Tim: Okay. That focus on sales is not at all unusual, because usually the decision to enter Japan or almost any new market is a sales-driven decision. It’s to increase revenue, so sales has the biggest say in it. But in your position, as kind of that bridge between headquarters and Japan, you’re trying to convince them, “Maybe we need to beef up support to a greater degree than we normally would in the U.S.,” what do you think was the biggest source of misunderstandings or misalignments between what the team on the ground in Japan needed and the perception back at headquarters?

Derek: An understanding that Japan is a different market. I think what ends up happening—this is from my own experiences as well as other people I have talked to that have been in similar positions—I think what ends up happening is you get a playbook, whether a sales playbook, a support playbook, an engineering playbook, it’s very driven by what’s happening in the U.S. market. Then you try and apply those same things and you see limited success with that in places like Europe, or other places in North America, even in other places in Asia. It’s relatively easy to take that same kind of playbook—and we have done this to a certain extent—to expand business in Australia, New Zealand, even in Southeast Asia, especially markets like Singapore and Malaysia. That is not the same in Japan. The market functions differently here. Decisions are made differently. There are verticals here that are easier to get into than you would expect them to be and verticals here that are harder to get in than you would expect them to be. So trying to take that playbook, without adjusting it specifically for this market. To be very clear, I have a good relationship with HQ, and I think GitHub Japan also has a very good relationship with HQ.

Tim: Is that what you tried at first? Did you try to run the U.S. playbook here and see what happened?

Derek: In a sense, yes. That was before we opened the office. We had that here. So the question became “How do we expand here?” And the way that we expand the business here is by truly understanding what Japanese companies are expecting on the B2B side and what true support looks like on the community side. It’s different in Japan, not the least of which difference is the language. And I think that’s something that takes a while for people to understand, that haven’t spent a lot of time in Japan. Not a lot of people speak English. I would say less here than in a lot of the other countries in Asia that I’ve visited, or in Europe, or in lots of other places in the world. So being able to have employees on the ground that are native or excellent Japanese speakers is beyond integral to be able to work in the market.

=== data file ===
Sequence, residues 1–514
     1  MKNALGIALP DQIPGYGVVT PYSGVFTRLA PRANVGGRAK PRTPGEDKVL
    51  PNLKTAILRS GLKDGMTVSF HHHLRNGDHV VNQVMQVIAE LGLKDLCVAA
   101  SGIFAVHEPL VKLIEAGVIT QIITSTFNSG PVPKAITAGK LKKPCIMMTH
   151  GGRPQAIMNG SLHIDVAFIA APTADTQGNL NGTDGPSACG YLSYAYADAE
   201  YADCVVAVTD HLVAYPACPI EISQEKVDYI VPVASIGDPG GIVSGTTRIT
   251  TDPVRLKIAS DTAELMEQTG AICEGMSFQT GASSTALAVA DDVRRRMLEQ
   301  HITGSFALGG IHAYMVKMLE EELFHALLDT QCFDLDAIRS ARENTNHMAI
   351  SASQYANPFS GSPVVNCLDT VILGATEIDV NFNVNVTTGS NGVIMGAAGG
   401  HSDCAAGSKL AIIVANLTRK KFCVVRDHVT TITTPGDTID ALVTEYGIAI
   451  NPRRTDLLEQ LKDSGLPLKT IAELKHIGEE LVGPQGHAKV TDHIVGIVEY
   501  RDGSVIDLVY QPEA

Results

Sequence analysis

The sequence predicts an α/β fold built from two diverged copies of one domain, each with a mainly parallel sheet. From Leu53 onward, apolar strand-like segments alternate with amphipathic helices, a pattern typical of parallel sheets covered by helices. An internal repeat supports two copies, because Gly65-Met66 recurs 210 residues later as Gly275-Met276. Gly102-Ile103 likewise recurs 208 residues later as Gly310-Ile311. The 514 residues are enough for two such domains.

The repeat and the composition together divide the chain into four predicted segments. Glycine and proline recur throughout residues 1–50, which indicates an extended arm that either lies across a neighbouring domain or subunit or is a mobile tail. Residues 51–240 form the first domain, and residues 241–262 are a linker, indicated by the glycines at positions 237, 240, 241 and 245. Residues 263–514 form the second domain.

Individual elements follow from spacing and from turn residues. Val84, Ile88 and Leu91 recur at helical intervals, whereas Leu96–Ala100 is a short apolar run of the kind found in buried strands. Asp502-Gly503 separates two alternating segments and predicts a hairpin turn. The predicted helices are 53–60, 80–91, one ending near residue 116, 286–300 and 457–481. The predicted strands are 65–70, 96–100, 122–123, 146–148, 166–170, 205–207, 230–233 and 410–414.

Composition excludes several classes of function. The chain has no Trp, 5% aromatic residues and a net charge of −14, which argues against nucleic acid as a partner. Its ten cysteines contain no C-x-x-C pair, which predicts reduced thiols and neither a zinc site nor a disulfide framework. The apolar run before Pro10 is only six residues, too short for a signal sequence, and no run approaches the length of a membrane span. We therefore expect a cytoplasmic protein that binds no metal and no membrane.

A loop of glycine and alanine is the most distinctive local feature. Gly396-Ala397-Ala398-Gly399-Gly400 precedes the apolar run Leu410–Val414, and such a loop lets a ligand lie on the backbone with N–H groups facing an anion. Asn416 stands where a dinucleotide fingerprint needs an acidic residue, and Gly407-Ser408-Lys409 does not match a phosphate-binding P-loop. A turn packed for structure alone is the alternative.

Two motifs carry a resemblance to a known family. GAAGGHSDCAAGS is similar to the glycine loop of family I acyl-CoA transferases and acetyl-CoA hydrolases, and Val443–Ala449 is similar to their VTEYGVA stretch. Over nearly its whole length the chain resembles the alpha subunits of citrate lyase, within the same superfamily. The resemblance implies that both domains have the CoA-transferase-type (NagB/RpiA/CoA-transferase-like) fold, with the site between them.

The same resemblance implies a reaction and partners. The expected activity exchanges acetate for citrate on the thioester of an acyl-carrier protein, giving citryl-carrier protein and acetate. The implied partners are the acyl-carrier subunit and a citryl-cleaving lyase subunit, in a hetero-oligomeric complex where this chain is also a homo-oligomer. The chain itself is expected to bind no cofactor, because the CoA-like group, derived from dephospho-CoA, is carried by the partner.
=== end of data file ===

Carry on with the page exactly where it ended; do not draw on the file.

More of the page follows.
Tim: So this is interesting. It is absolutely essentially that your sales staff is Japanese, that your support staff is Japanese, but not the product. The product can stay in English. That’s really interesting.

Derek: Yep. The product is at the bottom of the list of things I think we need to localize. Continuing to localize things like documentation, collateral support—I think that’s much higher on the list, just because, like I said before, the product is so much user-driven content.

Tim: Right. Now you came out to Japan from HQ. And you worked at GitHub how long before you came out here?

Derek: I’ve been at GitHub almost two-and-a-half years before I came out here.

Tim: So you had the relationships, and you could go to bat for Japan and be taken seriously at headquarters.

Derek: Sure. That’s a lot of the reason that I came here, was because of those relationships.

Tim: That’s great. A lot of times when there’s a local hire, they don’t have that credibility. So have there been times when you’ve had to kind of argue for resources or priorities in Japan against what is over those in the U.S. market, which is the dominant one.